SWEET ITCH - What causes this condition?

Sweet itch is a problem that affects horses and ponies all around the world and can be suffered by most breeds - although it is rare in English Thoroughbreds. Here we look at what causes this condition and what you can do to help a horse that suffers from it.

What are the symptoms?
These include severe itching, hair loss, skin thickening and flaky dandruff. Sometimes weeping sores may occur and these can, if left untreated, develop secondary infections.

sweet itch_ponyWhere are the symptoms seen?
Horses and ponies are most commonly affected along the top of the tail and the mane but the problem may also be seen on the neck, withers, hips, ears, forehead, sheath and mid-line belly.

Animals with sweet itch will roll frequently and scratch themselves on anything handy - if they can't find anything to rub on they may scratch out their mane using their hind feet, or bite their own tail, or drag themselves along the ground to scratch their belly.

Although the symptoms are seen during spring, summer and autumn, they can persist into the winter months which means that severely affected animals barely have a break.
Health sweet_itch_2
How is it caused?

Sweet itch is an allergic reaction to insect bites and therefore an immune system problem. As the horse tries to repel the invading insect saliva it unfortunately attacks some of its own skin cells and the resulting damage leads to the symptoms listed above. Two insects are the cause of the problem - primarly the Culicoides midge, which prefers the body areas and, to a much lesser degree, a member of the black fly family, known as Simulium Equinum, which favours the ears.
The female midges need blood to mature their eggs so they bite any nearby blood carriers - unfortunately our poor horses and ponies! The breeding season for these midges is early March to late October.

What can be done for a sufferer? 

* Be aware that marshy boggy areas are a haven for the midges - so if your horse suffers from sweet itch you do not want him living in such a field. A more exposed, windy site would be preferable for a sweet itch sufferer.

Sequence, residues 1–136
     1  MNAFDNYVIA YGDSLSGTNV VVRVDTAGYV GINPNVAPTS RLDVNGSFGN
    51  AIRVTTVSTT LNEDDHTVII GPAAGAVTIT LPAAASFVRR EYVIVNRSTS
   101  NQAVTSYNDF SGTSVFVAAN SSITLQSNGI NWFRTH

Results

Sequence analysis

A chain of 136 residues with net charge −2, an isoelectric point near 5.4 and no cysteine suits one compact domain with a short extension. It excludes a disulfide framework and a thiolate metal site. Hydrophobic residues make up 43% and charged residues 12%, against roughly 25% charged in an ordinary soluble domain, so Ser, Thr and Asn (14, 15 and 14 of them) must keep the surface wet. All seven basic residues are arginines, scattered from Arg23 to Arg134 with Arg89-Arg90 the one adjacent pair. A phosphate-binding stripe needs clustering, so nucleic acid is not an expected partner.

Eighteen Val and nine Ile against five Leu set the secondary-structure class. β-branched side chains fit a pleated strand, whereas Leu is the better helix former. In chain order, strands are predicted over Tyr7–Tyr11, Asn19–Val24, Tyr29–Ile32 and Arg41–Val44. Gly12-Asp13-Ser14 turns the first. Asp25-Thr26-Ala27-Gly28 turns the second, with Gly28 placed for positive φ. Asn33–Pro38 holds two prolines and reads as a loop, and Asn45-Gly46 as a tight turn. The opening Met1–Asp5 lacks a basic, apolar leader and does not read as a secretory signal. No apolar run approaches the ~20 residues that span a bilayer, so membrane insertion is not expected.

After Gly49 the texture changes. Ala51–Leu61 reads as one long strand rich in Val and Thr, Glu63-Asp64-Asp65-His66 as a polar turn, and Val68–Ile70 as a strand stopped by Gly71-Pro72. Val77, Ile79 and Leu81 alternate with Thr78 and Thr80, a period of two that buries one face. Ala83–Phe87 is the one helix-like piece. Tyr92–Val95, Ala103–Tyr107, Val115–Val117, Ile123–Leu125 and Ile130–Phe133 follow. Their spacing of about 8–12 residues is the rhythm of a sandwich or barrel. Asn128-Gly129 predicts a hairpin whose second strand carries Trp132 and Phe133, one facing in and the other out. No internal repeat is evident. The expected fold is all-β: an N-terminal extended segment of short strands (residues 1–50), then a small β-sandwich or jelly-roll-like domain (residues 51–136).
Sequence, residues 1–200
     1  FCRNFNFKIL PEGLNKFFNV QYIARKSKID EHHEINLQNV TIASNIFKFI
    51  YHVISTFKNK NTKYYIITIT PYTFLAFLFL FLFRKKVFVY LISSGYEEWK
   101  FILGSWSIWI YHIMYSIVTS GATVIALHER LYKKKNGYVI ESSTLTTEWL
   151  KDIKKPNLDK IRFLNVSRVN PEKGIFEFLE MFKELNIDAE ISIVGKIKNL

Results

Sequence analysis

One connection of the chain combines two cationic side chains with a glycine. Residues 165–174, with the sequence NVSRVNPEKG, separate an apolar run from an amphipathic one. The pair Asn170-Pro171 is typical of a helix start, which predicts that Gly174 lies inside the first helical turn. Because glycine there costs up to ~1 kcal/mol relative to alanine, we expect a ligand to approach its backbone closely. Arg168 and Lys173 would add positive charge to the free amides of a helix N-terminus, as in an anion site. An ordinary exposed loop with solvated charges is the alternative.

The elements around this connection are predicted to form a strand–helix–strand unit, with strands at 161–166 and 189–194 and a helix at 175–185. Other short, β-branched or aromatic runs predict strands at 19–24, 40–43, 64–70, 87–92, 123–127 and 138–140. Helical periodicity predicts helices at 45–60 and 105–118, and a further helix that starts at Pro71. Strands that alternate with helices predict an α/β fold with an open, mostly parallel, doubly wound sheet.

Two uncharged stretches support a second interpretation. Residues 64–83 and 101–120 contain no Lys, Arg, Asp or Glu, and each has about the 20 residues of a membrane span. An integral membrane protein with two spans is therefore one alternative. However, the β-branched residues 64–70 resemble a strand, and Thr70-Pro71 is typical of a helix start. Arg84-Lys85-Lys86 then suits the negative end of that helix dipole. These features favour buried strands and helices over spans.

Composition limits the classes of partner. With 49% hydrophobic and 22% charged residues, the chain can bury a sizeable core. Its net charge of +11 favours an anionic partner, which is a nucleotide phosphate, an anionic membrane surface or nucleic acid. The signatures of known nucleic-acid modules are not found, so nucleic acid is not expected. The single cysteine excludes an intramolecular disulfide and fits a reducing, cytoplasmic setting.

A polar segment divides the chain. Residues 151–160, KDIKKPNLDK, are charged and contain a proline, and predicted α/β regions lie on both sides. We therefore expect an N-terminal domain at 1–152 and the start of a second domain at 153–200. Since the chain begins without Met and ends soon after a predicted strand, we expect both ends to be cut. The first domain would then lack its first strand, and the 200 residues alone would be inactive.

* Stabling your horse at dawn and dusk is an option for some - however midges can still get into stables unless you could cover the open half door area and the window with a suitable material. Ceiling fans in stables also help create a less favourable environment for midges.
* If your horse is stabled be aware that a bored horse with an itch can do a lot of damage to his mane and tail in a very short period of time.
* There are many products on the market to help relieve the symptoms - however, every case is different and therefore the decision on what to use is yours.
* If using insecticides remember that it is an allergic reaction which is the base of the problem initially - so always skin test a small area before full treatment. A horse's skin can be very sensitive, especially when suffering with this disease.
* The base substance for most treatments and soothers is Benzyl benzoate which is available from good chemists. It is a milky-like fluid which should be worked into the skin of susceptible areas every day. Please remember that it is also a skin irritant and should not be used on broken skin or if hair loss appears.
* Midges do not like oily, greasy coats so perhaps try working diluted Medicinal Liquid Paraffin or bath oil into your horse's coat.
* Soothing creams can bring some relief, however they do not deter further midge attacks long term.
* Invest in a Boett rug which covers the areas attacked by the midges - make this investment at the first sign of a problem for your horse or pony. 

Over to the owner

Unfortunately there is currently no cure for sweet itch so it is the horse owner's responsibility to manage the effects of the problem as quickly and routinely as possible to minimise the horse's discomfort. Thoroughly check your horses at least once a day and at the first sign of any irritation apply a lotion, shampoo, insecticide, rug or oil based product to the affected area. Monitor the area very closely and adjust any products accordingly.

NOTE: For products to help your horse in his fight against sweet itch take a look at our products section. We'll be adding products often so check regularly. 
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